140rpm handcannons, while objectively worse than 120s for bow+HC, can still put in work. Options featuring quickdraw include: Ten Paces (kinetic), Kindled Orchid (energy), and The Old Fashioned (kinetic). Of these, only The Old Fashioned is not sunset; there is no non-sunset energy 140rpm handcannon that can roll quickdraw.

  • For light-level-enabled modes: note on weapon pairings/sunsetting
Due to the mess that is sunsetting, there are zero non-sunset legendary bows OR 120/140 handcannons in the energy slot that can roll quickdraw. Point of the Stag (energy bow) can work with Quick Access Sling, but that's about it. So, for Trials/IB, the possible weapon pairings are actually vanishingly slim: either Le Monarque or Point of the Stag, with either The Steady Hand or The Old Fashioned.
Hunters running Dragon's Shadow or Lucky pants have a few more options: Le Monarque+any HC Point of the Stag+any HC, or Biting Winds+any HC. Nonetheless, sunsetting has clearly reduced the pool of potential bow+HC builds by a big margin.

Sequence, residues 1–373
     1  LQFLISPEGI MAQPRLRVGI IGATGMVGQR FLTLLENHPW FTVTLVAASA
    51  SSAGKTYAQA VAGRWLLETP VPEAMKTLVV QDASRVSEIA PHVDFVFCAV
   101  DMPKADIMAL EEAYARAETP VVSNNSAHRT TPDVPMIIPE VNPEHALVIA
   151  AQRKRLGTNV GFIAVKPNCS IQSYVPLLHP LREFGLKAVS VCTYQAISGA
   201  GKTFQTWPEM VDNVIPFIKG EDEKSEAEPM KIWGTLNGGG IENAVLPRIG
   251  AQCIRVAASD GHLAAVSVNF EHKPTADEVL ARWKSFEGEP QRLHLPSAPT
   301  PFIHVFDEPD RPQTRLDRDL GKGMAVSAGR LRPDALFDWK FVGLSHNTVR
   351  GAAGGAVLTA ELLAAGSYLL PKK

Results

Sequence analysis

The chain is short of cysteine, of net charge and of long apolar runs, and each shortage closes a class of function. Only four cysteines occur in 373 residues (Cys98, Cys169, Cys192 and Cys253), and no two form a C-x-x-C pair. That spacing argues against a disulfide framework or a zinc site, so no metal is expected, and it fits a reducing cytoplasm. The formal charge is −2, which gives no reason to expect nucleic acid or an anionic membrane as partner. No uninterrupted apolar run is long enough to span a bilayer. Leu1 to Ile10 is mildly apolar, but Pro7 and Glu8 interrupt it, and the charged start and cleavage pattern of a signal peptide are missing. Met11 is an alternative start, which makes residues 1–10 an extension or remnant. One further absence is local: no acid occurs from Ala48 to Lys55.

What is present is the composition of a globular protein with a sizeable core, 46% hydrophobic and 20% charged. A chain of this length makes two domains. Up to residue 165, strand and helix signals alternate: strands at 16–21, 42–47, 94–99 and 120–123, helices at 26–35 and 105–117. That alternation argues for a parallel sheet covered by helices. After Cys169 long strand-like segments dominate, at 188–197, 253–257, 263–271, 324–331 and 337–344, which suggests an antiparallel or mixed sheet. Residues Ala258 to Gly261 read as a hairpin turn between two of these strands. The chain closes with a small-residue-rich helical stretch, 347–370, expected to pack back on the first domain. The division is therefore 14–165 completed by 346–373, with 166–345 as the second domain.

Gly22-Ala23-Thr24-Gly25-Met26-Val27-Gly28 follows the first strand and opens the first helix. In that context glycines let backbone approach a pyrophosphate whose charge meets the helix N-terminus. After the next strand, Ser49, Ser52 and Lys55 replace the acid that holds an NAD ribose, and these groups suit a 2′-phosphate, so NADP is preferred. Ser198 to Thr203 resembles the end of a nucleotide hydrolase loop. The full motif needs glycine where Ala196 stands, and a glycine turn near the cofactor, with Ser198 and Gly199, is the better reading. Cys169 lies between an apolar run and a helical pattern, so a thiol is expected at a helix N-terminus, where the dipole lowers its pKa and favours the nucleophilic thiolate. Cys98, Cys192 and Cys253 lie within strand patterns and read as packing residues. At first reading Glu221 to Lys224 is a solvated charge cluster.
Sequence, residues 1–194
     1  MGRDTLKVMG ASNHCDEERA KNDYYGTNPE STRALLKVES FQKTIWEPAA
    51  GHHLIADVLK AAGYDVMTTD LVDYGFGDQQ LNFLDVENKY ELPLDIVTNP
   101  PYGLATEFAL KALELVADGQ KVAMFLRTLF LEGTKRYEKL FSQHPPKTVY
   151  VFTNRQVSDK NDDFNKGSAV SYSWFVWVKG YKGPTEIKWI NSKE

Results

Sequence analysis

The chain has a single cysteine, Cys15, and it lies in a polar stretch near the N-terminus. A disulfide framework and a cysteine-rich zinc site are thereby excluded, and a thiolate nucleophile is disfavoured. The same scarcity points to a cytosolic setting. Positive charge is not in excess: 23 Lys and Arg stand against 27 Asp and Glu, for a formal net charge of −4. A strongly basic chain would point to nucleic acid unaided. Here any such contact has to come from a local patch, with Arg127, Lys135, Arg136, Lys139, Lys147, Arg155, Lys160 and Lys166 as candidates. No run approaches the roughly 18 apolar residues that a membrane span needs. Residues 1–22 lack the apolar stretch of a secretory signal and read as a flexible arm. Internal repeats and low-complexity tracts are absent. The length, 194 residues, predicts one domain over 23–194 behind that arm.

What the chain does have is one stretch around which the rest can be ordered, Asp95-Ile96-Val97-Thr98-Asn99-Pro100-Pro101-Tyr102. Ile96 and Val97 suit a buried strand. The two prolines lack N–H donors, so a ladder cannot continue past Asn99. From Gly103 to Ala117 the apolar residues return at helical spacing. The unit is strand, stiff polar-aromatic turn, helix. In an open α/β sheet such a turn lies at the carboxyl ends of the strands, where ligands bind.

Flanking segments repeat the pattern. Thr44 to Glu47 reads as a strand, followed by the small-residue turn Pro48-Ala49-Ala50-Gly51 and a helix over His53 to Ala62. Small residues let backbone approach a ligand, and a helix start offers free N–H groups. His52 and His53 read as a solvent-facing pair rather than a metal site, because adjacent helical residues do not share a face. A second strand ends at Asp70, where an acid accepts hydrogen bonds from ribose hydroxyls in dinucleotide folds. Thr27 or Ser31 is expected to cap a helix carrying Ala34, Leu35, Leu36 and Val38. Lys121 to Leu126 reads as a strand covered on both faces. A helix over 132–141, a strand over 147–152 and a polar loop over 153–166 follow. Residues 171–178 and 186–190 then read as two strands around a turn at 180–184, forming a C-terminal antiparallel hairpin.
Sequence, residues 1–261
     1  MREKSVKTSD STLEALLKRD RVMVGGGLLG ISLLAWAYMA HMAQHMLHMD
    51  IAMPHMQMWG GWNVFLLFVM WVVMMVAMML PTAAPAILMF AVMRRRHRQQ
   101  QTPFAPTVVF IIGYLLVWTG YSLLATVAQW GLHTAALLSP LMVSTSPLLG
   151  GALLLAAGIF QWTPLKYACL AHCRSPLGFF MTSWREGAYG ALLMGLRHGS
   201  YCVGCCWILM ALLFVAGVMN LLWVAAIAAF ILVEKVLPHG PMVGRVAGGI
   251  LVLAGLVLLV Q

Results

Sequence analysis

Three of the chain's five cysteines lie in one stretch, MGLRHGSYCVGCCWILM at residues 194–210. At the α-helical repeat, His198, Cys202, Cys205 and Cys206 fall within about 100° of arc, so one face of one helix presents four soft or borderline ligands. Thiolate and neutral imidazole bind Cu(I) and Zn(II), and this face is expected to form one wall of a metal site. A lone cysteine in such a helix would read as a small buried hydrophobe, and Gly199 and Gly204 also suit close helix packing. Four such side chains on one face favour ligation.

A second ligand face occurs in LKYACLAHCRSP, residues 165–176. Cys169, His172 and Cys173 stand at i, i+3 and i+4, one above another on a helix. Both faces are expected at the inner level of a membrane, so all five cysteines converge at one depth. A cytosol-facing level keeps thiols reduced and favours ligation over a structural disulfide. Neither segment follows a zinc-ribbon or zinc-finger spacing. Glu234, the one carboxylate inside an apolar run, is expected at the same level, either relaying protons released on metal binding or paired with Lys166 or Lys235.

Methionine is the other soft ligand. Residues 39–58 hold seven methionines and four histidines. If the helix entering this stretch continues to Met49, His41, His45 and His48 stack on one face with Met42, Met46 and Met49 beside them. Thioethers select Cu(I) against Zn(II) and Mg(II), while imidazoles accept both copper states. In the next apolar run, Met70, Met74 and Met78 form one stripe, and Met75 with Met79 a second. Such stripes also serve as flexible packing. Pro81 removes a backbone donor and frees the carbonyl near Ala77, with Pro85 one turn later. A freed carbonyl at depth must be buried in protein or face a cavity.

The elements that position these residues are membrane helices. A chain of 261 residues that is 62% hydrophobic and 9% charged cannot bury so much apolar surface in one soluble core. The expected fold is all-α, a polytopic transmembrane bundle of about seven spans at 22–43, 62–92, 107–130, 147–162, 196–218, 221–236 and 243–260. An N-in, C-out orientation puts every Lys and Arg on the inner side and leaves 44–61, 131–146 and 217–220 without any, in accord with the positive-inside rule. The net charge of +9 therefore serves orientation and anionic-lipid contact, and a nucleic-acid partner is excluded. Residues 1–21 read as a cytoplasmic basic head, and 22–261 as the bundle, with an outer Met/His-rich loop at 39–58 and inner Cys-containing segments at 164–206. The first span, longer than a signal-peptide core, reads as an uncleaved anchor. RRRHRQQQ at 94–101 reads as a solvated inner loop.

• Exotic armour:
Hunters have the obvious advantage in this field: Lucky Pants, Dragon's Shadow, and Oathkeepers provide unique advantages for bow+HC that are unobtainable for warlocks/titans.
Lucky Pants lend themselves well to builds that incorporate exotic handcannons (TLW+bow, Sturm+bow, Ace+bow, etc.). These builds all have inherent advantages and disadvantages that follow the unique attributes of each exotic handcannon. They also allow use of handcannons which lack quickdraw. Builds include: Le Monarque+any handcannon that lacks quickdraw, or a legendary bow+exotic handcannon. For regular crucible, Subtle Calamity pairs best with Lucky Pants as it can roll quickdraw - for Trials/IB you are limited to Point of the Stag+Quick Access Sling.